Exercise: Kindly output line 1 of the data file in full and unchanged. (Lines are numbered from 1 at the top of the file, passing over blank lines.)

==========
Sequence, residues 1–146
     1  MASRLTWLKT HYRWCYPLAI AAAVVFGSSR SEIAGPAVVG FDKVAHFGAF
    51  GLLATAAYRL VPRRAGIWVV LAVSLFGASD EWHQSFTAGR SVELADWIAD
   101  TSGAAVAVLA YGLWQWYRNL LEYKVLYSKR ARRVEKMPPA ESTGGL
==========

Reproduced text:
Sequence, residues 1–146